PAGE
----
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Putin pushes for convertible ruble, innovation economy
MOSCOW, May 10 (RIA Novosti) - Russian President Vladimir Putin called Wednesday for work on making the national currency convertible to be completed, oil and gas to be traded in rubles on a domestic exchange, and an innovation-based economy.
In his annual state of the nation address before both houses of parliament, ministers and reporters, the president also said human rights and freedoms had to be upheld to ensure economic growth and corruption had to be eradicated for the good of the nation.
Putin said work on making the national currency fully convertible should be completed by July 1, almost six months ahead of the original January 1, 2007 deadline.
In an effort to promote the national currency, the president called for the establishment of a ruble-denominated oil and natural gas stock exchange in Russia.
"The ruble must become a more widespread means of international transactions. To this end, we need to open a stock exchange in Russia to trade in oil, gas, and other goods to be paid for in rubles," he said.
Asian Finance Ministers Seek Common Currency
The New York Times
May 5, 2006
HYDERABAD, India, May 4 — Finance ministers from China, Japan and South Korea announced tentative steps on Thursday to coordinate their currencies in ways that could ultimately produce a common regional currency like the euro.
South Korea, Japan and China will "immediately launch discussions on the road map for the system to coordinate foreign exchange policy," the ministers said in a joint statement. "We agreed on further study of related issues, including the usefulness of regional currency units."
Although an Asian monetary union is a distant goal, the Asian Development Bank has been pushing the idea of an Asian currency unit, or A.C.U., over the past year. The unit's value would be set by an index of participating currencies.
The idea has gained popularity among several Asian finance ministers as a step toward harmonizing regional monetary policies.
Originally posted by Astronomer70
If Iran starts trading in Euro's or some other basket of currencies rather than the dollar, the dollar will not plunge and drive the U.S. into a depression. I don't know where that particular bit of wisdom came from, but it is incorrect.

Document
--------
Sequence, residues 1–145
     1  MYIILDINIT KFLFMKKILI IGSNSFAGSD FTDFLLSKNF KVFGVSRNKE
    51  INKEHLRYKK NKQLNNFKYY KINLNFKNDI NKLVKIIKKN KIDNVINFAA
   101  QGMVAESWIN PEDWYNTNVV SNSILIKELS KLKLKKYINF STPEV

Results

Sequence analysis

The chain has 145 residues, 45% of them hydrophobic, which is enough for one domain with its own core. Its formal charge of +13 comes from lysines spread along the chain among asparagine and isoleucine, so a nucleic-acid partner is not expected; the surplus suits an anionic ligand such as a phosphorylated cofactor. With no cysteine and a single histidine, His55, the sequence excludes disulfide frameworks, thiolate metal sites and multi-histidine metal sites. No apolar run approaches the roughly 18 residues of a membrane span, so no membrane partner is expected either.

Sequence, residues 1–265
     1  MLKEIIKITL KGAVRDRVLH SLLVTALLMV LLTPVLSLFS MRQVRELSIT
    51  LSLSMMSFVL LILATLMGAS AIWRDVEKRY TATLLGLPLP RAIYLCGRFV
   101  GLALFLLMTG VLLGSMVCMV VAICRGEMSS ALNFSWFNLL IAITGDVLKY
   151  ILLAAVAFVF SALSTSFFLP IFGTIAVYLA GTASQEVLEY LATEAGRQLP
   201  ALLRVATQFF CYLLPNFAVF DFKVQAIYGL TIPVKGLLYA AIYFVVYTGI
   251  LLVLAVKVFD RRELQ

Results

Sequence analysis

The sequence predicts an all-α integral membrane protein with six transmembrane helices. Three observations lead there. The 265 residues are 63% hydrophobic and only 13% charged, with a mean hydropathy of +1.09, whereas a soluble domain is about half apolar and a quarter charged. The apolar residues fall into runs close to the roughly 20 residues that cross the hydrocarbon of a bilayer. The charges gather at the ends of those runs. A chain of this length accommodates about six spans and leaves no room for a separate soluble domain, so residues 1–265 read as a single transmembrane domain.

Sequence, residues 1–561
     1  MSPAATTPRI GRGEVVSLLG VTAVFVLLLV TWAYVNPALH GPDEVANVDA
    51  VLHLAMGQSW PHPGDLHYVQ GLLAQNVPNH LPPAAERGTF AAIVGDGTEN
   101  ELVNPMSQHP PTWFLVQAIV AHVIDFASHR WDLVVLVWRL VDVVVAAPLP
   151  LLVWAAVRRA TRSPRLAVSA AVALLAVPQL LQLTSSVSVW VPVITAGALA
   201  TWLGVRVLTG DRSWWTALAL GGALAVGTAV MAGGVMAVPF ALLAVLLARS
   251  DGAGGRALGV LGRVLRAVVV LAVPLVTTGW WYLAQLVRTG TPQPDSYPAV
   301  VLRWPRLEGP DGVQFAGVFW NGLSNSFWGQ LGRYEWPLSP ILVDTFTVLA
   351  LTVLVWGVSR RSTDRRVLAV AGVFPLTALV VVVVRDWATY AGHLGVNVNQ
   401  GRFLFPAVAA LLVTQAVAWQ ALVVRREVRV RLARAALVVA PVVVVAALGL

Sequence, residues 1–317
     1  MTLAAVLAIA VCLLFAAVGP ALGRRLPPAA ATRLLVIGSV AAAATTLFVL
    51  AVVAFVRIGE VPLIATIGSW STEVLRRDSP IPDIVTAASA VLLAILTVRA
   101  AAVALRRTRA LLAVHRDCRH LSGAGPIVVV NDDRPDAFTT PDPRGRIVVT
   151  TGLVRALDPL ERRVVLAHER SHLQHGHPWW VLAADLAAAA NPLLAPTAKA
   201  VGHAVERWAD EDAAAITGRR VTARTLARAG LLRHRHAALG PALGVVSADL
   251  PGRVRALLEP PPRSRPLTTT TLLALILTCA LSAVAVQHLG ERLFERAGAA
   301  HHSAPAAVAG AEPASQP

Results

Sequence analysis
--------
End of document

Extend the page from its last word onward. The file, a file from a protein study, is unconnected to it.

The value of the dollar will undoubtedly fall somewhat, but it needs to do that anyway as it is over valued right now thanks to the Japanese, Chinese, et al buying massive quantities of T-Bills. The Chinese have already ceased their huge purchases so as not to get caught short down the road. Deficit spending is weakening the dollar just as surely as if the government was simply printing more & more money--which it is not doing. Tax reductions, housing, and defense spending have served to keep the economy robust & fairly strong, but it cannot continue to absorb the cost of the war in Iraq on credit indefinitely. At some point the piper must be paid.
Originally posted by Muaddib
For a while now myself and at least one other member have been talking about this alliance between Russia and other Asian countries, and if any of you would have been listening to what other nations have been saying, you would realize that this has been the plan for a long time, to weaken the image of the United States, weaken our economy and create a new superpower, or a coalition of powers, since most of these countries couldn't do it by themselves.
Originally posted by df1
The US demopublican leadership is complicit in this effort to weaken the US and to create a new super power. The patriot act is all about creating a US society that is more regulated in manner similar to EU countries and the point of a new super power is to create an external bogeyman to play on the fears of americans. Im greatly amused at the ignorance that is displayed by the "faux patriots" that are constantly critical of the EU governments while being supporters of the "patriot act" legislation that is being used to bring about the EU styled society that they purport to despise.
A Word From A Dollar Bear
Robert Lenzner and Daniel Kruger , 01.10.05
Warren Buffett's vote of no confidence in U.S. fiscal policies is up to $20 billion.
The dollar has fallen savagely against the euro for the past three years, and the trade deficit is running $55 billion a month. Is the currency rout over? Can the trade deficit be fixed with a rise in interest rates or an upward revaluation of the Chinese currency? Warren Buffett, the world's most visible dollar bear, says the answer to both these questions is no. His bet against the dollar, reported at $12 billion in his last annual report (for Dec. 31, 2003), has gotten all the bigger. Now his Berkshire Hathaway has a $20 billion bet in favor of the euro, the pound and six other foreign currencies.